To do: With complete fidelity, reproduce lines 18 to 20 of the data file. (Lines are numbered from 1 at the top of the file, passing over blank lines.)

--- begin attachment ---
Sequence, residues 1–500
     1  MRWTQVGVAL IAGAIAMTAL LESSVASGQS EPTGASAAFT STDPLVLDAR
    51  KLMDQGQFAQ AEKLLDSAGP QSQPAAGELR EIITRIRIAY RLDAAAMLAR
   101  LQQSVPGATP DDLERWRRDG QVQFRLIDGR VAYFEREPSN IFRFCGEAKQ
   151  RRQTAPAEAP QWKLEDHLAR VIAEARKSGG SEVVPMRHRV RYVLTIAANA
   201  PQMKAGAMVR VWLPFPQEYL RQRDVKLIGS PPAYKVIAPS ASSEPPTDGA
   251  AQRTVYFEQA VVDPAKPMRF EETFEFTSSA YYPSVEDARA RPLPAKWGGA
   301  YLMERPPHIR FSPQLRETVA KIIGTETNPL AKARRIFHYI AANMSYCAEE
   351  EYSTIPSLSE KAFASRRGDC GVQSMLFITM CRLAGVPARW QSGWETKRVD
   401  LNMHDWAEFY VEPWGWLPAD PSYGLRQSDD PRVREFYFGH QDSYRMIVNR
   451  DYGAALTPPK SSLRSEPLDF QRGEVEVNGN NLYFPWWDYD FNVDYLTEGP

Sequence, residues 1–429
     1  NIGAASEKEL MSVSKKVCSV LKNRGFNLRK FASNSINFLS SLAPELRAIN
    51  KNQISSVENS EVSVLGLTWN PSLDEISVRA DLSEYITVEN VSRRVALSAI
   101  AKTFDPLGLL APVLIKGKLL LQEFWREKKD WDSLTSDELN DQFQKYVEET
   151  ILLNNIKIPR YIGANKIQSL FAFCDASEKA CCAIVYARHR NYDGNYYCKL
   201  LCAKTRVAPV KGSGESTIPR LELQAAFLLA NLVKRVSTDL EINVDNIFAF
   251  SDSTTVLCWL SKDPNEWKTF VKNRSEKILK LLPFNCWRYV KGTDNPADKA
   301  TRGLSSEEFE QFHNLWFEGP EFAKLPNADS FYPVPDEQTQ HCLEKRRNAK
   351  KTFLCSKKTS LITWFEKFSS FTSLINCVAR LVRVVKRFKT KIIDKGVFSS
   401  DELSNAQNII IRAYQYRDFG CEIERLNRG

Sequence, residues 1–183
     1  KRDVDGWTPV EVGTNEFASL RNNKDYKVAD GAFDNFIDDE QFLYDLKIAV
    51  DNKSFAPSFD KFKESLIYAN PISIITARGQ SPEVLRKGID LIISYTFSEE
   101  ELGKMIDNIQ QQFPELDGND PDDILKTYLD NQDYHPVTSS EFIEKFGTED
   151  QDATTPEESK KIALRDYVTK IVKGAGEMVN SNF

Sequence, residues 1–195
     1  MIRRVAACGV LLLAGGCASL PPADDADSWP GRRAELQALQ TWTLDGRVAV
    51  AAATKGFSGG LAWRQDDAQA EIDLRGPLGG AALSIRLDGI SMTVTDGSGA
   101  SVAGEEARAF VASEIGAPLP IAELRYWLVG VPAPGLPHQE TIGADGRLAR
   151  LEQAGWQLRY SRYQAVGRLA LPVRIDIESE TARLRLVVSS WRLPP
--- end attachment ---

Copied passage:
   251  SDSTTVLCWL SKDPNEWKTF VKNRSEKILK LLPFNCWRYV KGTDNPADKA
   301  TRGLSSEEFE QFHNLWFEGP EFAKLPNADS FYPVPDEQTQ HCLEKRRNAK
   351  KTFLCSKKTS LITWFEKFSS FTSLINCVAR LVRVVKRFKT KIIDKGVFSS